SEOUL, Feb. 7 (Yonhap) – North Korea launched a long-range rocket, apparently sending what it claims is a satellite into orbit on Sunday, but South Korea and the U.S. denounced it as a long-range missile test that squarely challenges the international community.
“It’s presumed that the projectile has entered into orbit,” a military official said, indicating that the North successfully launched the long-range rocket.
The official, however, qualified the assessment by saying that additional analysis is needed to confirm whether the satellite is operating normally in its orbit.
Earlier in the day, South Korea’s Aegis destroyer’s radar detected the rocket lifting off at 9:30 a.m. from North Korea’s northwest Dongchang-ri launch site and concluded that it was a long-range rocket after studying the trajectory.
Upon the launch on the west coast, the rocket flew southward, dropping its first stage into the Yellow Sea off the Korean Peninsula at 9:32 a.m. The first stage exploded in midair and splashed down in some 270 pieces, according to the Joint Chiefs of Staff.
Four minutes later, the missile disappeared from the military’s surveillance radar at about the same time it shed its fairing southwest of South Korea’s Jeju Island, the JCS said.
The route matches what the North previously told United Nations agencies.
“South Korea and the U.S. are jointly studying whether the disappearance means the launch was a failure or there were other technical issues,” a JCS official said.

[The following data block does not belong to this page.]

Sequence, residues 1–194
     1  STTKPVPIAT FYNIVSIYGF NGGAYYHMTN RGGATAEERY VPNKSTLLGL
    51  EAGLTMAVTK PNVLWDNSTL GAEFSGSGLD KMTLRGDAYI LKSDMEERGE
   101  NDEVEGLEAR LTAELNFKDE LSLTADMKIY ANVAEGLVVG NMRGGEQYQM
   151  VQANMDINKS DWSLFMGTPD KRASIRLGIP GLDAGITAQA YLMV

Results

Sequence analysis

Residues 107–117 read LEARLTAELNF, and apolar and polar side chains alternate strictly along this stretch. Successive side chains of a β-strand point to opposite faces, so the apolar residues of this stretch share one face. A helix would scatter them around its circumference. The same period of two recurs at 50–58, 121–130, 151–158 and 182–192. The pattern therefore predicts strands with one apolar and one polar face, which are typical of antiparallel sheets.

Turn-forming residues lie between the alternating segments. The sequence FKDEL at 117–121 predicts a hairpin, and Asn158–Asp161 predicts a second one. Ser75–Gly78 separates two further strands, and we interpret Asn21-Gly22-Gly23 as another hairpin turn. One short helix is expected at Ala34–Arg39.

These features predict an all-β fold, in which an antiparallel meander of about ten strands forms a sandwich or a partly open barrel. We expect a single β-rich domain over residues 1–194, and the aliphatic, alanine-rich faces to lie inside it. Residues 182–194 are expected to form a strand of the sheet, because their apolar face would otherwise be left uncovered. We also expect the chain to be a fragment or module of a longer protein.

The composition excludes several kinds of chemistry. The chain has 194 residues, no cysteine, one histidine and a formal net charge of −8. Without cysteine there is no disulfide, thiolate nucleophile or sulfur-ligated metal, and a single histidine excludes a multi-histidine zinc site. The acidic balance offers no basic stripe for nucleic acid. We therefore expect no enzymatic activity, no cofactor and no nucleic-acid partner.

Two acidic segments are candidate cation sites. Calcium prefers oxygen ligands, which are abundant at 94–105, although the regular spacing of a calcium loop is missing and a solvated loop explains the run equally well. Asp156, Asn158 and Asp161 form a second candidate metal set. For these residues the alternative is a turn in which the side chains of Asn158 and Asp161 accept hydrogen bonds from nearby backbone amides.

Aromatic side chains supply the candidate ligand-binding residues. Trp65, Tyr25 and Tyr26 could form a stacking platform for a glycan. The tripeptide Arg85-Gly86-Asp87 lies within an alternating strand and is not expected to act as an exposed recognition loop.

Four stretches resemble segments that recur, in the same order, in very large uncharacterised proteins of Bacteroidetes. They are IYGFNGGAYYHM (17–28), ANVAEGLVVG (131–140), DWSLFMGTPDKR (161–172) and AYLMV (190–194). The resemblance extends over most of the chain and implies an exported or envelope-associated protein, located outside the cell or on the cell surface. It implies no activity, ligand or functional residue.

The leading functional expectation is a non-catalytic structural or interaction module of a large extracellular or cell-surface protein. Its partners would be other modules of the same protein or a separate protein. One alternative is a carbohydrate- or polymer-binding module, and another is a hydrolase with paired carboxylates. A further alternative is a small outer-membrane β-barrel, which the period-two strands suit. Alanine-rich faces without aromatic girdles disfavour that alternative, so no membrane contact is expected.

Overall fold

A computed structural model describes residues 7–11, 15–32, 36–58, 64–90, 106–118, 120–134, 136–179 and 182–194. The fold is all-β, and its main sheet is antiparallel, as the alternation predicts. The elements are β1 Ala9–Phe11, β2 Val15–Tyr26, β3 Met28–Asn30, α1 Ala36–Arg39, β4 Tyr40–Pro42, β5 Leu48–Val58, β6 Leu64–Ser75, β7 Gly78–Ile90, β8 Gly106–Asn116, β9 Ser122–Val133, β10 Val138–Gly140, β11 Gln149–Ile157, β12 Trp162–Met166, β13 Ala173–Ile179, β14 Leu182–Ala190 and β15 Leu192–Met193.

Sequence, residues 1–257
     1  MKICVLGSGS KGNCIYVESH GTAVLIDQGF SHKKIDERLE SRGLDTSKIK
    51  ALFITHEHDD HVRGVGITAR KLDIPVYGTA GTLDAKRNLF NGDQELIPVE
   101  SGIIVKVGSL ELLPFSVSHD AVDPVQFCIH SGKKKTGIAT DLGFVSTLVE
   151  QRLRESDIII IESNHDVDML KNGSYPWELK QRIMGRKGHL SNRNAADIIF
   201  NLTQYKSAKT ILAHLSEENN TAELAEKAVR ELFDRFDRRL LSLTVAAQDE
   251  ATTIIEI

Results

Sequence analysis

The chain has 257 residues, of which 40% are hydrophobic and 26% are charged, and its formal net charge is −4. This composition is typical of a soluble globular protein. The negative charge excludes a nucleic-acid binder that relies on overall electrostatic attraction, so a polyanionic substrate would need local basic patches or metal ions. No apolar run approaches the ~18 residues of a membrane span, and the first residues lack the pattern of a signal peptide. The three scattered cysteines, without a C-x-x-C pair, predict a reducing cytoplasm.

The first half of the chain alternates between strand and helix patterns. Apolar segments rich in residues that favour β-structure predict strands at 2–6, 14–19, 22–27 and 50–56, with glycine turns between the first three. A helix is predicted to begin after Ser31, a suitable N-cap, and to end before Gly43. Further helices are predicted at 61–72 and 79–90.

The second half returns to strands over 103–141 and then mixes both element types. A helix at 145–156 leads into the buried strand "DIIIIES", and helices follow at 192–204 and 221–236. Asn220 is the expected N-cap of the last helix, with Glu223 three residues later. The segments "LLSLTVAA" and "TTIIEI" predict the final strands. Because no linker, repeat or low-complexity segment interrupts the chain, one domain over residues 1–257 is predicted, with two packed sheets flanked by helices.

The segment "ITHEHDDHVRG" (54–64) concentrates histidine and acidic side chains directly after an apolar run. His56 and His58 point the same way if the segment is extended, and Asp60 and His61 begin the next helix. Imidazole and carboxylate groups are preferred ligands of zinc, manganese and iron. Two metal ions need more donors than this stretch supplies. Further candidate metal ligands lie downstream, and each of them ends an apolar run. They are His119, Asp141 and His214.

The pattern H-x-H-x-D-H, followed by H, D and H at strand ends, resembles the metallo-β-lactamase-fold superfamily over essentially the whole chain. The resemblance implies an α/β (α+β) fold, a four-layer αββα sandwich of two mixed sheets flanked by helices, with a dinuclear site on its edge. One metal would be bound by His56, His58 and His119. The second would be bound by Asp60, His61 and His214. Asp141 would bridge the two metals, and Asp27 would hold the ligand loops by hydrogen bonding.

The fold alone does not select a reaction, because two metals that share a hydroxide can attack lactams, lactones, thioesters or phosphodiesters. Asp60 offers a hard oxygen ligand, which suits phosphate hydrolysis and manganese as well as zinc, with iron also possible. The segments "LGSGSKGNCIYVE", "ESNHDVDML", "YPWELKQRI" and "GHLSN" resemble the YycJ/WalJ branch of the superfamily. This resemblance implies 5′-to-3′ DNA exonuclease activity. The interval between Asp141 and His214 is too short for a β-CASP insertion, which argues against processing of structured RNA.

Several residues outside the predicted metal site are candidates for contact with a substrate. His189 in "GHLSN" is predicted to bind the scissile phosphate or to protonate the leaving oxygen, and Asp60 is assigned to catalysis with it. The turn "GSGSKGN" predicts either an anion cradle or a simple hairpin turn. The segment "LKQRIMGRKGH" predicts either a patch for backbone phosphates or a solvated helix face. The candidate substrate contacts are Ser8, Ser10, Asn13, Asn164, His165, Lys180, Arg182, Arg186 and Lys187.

The allies are also examining the location where the second stage of the missile may have fallen, the official said.
Officials said the missile passed through the skies of South Korea without creating any damage.
Three hours after the initial launch, North Korea announced through an official broadcast that it has succeeded in placing the “Kwangmyongsong-4″ satellite into orbit.
But, the outside world views it as a cover for testing an intercontinental ballistic missile, which the North is prohibited from under a series of relevant United Nations Security Council resolutions.
Initially, the North proclaimed the rocket would be fired sometime between Feb. 8 and 25, but it advanced the launch window to Feb. 7-14 on Saturday.
It is the sixth long-range missile test by the North in its program to develop nuclear-loaded intercontinental ballistic missiles.
The missile fired on Sunday is believed to have a range of more than 10,000 kilometers, which could reach the mainland U.S.
The North’s rocket launch came weeks after it conducted a fourth nuclear test on Jan. 6, prompting the UNSC to work on a fresh resolution for tougher sanctions against the North.
In an emergency National Security Council meeting, President Park Geun-hye condemned the launch as an “unacceptable provocation” and called on the UNSC to quickly slap strong sanctions on the North.
Defense Minister Han Min-koo also convened an emergency meeting with U.S. Ambassador to Seoul Mark Lippert and United States Forces Korea Commander Gen. Curtis Scaparrotti at the Defense Ministry.
“Before, during and immediately after the launch occurred, our two governments have been in close coordination … and the way forward on this is close cooperation across all instruments on foreign policy and national policy,” Lippert said in the opening of the meeting.
Scaparrotti also assured in the opening “that kind of coordination will continue to ensure the appropriate security and defense of the Republic of Korea and the region.”